Eliza Mohlie '10
Major: Political Science
Internship: American University Washington Semester, Foreign Policy Seminar Program. Office of Maine Senator Olympia J. Snowe.
Credit/Time: For credit, Fall
How did you find out about your internship?
When the representative from American University came to Hartwick, he spoke to the class I was mentoring. I don’t know if the students in that class were interested in what he had to say, but I was, so I went to the information session. I had no other credit requirements, so it seemed like a good opportunity. The program places a lot of emphasis on making your own connections. I filled out an online form through Senator Snowe’s website.
How would you describe a typical day at your internship?
I commuted into Washington D.C. every morning. I would be on the train from the American University campus by 8:05 a.m. It was a 45-minute commute to the Senate office building. I worked at the front desk.
I would sort the mail and faxes. I answered constituent letters. I would enter constituent comments into the database throughout the day. We kept a record of who wanted a response and who didn’t as well as where they were from. I also did research on an ad hoc basis, usually later in the afternoon. Nothing terribly glamorous, but it let me see how the office worked. I was also trained to give tours of the Capitol.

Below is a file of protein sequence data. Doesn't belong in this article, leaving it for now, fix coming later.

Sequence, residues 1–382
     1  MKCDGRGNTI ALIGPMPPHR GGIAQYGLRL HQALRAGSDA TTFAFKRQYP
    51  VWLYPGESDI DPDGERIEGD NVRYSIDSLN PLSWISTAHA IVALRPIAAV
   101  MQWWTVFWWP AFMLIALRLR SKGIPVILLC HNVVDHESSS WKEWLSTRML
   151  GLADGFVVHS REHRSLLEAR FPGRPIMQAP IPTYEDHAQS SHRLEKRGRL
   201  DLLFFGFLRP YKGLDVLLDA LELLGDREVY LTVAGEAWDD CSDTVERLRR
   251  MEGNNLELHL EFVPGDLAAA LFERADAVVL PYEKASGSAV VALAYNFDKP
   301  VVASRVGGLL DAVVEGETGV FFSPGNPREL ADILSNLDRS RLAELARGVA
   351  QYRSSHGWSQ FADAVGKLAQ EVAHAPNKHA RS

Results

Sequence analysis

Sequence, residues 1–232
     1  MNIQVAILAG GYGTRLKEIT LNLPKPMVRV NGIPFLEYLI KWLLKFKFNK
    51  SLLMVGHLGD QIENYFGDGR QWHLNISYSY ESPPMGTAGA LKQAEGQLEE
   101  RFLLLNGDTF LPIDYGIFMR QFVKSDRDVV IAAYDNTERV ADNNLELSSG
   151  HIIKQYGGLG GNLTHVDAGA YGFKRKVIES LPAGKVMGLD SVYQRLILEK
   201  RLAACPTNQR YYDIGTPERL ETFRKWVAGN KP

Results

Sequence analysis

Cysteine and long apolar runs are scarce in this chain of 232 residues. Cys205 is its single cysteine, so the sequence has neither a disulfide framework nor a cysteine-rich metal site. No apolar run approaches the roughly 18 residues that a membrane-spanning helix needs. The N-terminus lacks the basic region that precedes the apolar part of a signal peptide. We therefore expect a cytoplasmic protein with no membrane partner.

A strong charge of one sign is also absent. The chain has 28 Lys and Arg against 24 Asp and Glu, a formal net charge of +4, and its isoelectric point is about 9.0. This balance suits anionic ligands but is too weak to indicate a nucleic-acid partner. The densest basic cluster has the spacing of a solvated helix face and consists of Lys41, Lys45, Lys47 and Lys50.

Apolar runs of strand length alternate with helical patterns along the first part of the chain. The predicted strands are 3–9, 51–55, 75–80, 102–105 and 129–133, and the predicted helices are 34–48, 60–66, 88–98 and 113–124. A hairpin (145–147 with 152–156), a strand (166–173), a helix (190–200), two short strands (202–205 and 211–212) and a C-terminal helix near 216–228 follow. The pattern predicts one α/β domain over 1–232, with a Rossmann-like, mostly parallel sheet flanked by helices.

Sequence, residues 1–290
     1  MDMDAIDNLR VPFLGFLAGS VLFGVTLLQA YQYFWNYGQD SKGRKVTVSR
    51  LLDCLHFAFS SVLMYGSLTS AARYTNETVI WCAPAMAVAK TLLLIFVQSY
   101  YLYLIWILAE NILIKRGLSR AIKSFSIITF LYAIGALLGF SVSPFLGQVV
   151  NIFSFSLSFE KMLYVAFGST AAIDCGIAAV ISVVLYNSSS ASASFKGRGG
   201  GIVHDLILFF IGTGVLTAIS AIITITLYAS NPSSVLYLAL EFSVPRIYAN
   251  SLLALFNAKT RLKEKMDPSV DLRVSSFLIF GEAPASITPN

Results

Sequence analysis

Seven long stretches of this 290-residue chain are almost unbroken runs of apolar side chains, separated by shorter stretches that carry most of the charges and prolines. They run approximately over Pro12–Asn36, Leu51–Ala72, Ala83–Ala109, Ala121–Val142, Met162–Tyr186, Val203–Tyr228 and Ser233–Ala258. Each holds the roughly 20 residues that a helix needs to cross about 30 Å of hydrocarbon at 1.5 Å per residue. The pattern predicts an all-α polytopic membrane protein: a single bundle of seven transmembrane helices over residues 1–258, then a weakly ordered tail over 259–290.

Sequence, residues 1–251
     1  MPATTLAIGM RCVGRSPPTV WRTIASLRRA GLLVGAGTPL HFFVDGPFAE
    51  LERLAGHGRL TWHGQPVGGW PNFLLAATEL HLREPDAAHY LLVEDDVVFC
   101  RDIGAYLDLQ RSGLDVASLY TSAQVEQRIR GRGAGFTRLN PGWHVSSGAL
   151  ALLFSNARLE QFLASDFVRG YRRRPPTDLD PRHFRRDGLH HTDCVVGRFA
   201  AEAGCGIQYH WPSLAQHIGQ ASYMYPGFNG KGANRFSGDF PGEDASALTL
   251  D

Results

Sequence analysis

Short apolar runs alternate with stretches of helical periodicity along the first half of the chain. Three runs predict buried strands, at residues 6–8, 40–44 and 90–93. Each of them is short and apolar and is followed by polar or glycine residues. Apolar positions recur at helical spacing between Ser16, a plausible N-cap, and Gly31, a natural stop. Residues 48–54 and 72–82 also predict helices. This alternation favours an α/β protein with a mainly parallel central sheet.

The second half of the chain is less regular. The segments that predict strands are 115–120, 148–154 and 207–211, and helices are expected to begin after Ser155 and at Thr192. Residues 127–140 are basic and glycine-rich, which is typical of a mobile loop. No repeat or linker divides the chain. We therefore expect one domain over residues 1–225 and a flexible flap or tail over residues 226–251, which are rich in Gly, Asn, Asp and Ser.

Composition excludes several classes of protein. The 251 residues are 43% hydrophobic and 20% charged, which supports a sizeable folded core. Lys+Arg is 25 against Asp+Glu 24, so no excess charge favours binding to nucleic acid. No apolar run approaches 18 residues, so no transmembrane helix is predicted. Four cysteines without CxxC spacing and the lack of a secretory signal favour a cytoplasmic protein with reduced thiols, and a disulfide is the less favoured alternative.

I answered the phones. We had over 100 calls per day. The phone was literally ringing off the hook every five minutes—this was during the healthcare debates. I had to get used to the fact that some of the people calling would be expressing strong feelings. Happy people don’t usually call in. I was the voice on the other end saying, ‘we hear you, we understand.’
I attended hearings. I found the people in the office gave me a lot of trust—once they saw I was reliable, they treated me like a staff member. I also took a foreign policy seminar three days per week. I met people from all over the world. The American University program opened up so many doors.
Did you complete any special projects?
I did a project on the effects of the healthcare plan. It was a lot of contacting other offices and asking to talk to their legislative assistants. I did little things that legislative assistants didn’t have time to do. My most important job was to be a PR person.
Were there any special challenges?
I definitely learned grace under pressure. You have to be respectful of people’s sincerity even if they aren’t very nice. It’s important to remember you represent the office, not yourself. Being personable, yet not taking what they say personally. The other people in the office were very supportive. Go in knowing you are taking on a very serious responsibility. Also remember that the leadership style is very office dependent. Your experience will be what you make of it and where you are.
What surprised you the most?
I was surprised by the personal nature of the relationship between senators and the people in the office. For example, a person from Greenpeace would come in and know the legislative assistant he or she wanted to talk to. That put a different face on Washington than what I had seen before.
How did the internship influence your future career decisions?
The internship showed me that I do want to be part of politics. I know that I can walk into an office and contribute, even if I’m not an elected official. It made the possibility of doing this in the future less intimidating.
What advice do you have for other students considering a similar internship?
Don’t be afraid to contact people you have ties to. Don’t be afraid to try different things. Nonprofits like the help. You’ll get to do more at a smaller place. It was a really good program. I am interested in working in a government agency. For me, that’s the best way to serve.